10

I have seen this command in a few different shell scripts:

exec $SHELL -l

...usually as an alternative to:

source ~/.profile

What exactly is exec $SHELL -l doing?

10

The exec command replaces the current process image - the executable or program - with a new one, named as the argument to exec. If $SHELL contains the name of an executable, as it usually does, exec will spin that exe up in place of the running shell.

HOWEVER, that's a very different action than just using "source" to read in a file of commands. The source command read the named file and executes the contents line by line, as though typed at the command line of the current shell.

8

It's invoking your shell ($SHELL) as a login shell.

excerpt from Bash man page

-l       Make bash act as if it had been invoked as a login shell 
         (see INVOCATION below).

I suggest reading through the INVOCATION section of the man page for more information.

TL;DR;

Bottom line is that it tells Bash which files to source when it invokes. Either the $HOME/.bash_profile (-l) or the $HOME/.bashrc (-i).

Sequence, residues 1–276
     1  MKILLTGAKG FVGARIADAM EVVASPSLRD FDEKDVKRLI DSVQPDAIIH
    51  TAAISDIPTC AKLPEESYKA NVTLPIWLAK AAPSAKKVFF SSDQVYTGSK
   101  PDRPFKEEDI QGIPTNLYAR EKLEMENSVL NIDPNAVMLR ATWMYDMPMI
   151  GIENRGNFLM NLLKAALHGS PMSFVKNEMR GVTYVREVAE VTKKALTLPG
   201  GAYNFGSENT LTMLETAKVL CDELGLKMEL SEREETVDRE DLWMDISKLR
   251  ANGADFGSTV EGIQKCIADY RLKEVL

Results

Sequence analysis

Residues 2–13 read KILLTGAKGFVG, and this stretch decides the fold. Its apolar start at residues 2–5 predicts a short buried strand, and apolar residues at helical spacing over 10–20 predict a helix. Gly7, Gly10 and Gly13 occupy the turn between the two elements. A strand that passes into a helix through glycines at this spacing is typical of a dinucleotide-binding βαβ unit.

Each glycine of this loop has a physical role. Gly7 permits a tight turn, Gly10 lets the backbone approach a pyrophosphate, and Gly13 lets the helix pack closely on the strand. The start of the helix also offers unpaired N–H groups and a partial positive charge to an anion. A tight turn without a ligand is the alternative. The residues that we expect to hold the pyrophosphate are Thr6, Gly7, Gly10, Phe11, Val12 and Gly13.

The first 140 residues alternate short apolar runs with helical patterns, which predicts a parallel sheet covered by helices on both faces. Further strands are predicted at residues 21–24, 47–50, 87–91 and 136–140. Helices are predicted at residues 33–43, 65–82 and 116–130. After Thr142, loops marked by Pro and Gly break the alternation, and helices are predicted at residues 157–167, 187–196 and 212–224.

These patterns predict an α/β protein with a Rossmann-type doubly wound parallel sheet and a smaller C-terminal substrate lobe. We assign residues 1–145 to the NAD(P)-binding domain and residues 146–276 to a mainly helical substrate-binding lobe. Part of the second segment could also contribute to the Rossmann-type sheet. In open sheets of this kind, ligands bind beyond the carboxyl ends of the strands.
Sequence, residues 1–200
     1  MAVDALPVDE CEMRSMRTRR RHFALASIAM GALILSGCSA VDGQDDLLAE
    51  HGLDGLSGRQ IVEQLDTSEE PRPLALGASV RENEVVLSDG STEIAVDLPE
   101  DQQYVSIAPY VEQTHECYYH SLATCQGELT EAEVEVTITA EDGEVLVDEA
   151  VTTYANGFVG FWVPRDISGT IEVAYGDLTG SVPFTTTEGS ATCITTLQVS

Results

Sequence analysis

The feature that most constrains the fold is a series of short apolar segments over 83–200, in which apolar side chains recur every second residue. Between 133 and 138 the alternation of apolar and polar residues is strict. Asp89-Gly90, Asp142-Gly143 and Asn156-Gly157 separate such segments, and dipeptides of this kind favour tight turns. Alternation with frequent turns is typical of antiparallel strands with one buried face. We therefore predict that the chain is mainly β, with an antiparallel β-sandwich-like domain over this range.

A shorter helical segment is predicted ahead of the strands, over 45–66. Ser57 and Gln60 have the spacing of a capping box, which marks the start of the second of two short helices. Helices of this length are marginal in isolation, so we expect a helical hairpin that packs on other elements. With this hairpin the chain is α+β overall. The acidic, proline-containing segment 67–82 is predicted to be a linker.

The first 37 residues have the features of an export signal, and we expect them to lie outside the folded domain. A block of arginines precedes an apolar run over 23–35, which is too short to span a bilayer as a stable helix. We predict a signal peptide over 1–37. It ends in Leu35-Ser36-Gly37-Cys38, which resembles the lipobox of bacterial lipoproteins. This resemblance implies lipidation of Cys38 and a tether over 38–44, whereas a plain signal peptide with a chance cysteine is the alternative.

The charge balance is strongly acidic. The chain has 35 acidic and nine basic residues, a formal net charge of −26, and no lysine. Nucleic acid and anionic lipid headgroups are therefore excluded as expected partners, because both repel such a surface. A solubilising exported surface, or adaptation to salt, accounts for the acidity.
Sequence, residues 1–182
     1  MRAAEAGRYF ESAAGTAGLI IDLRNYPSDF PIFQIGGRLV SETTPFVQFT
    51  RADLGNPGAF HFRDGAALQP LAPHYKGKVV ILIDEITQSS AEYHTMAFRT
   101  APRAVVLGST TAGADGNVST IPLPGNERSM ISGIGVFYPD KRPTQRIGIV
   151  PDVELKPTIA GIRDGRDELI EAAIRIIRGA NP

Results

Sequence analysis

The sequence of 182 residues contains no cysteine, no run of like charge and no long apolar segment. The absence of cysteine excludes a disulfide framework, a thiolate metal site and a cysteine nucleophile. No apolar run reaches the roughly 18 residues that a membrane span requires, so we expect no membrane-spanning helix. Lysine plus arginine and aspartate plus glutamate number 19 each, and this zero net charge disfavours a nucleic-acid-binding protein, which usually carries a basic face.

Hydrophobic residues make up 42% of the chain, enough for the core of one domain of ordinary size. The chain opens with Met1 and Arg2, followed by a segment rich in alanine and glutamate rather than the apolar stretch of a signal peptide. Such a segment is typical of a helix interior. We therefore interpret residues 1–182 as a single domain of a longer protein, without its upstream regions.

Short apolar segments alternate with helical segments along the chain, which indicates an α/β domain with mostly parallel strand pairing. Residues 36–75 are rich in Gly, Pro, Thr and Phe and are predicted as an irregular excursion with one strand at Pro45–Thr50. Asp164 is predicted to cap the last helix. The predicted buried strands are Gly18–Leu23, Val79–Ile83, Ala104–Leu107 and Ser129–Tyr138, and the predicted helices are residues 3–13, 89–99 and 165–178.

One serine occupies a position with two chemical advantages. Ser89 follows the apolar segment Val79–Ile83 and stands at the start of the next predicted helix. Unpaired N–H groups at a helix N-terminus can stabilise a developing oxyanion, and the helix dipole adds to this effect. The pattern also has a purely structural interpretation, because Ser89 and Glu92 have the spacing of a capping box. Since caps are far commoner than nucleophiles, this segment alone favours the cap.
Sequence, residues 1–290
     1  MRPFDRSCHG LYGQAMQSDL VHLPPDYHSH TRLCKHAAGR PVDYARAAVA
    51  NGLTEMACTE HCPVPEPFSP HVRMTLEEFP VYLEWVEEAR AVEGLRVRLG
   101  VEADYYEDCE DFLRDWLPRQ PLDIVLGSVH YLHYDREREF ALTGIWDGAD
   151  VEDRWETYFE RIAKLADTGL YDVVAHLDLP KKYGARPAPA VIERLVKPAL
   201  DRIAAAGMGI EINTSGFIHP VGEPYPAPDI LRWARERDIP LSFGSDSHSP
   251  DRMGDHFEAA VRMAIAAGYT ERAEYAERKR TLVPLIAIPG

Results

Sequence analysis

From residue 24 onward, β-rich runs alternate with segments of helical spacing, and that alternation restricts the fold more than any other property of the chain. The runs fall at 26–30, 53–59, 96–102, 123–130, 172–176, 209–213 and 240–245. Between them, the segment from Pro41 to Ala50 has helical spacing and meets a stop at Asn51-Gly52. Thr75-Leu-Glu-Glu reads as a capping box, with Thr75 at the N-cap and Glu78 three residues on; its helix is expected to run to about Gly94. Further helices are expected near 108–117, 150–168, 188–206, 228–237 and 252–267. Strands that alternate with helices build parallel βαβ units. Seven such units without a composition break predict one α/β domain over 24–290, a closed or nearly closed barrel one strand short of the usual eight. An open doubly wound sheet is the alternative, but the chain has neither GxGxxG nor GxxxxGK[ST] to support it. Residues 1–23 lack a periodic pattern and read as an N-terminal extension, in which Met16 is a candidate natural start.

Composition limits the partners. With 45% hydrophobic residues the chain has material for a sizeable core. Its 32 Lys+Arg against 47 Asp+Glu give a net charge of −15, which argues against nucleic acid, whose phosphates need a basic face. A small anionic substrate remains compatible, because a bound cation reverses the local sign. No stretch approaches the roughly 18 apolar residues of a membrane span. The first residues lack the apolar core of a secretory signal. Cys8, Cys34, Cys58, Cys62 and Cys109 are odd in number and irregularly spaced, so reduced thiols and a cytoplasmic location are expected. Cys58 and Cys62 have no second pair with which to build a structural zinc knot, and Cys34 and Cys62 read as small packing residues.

References

3
  • Pay it forward 8-)
    – slm
    Sep 17 '13 at 18:02
  • Ah, so it sort of takes care of inconsistencies in bash profile file names?
    – Andrew
    Sep 17 '13 at 18:04
  • 1
    You're launching a new shell. So if you've made changes to a shell config, running the $SHELL -l command would "apply" those changes. Running source ~/.profile would do so similarly without starting a new shell, except any variables or functions in your config that are not overwritten will remain set as they were initially.
    – jktravis
    Sep 17 '13 at 18:08

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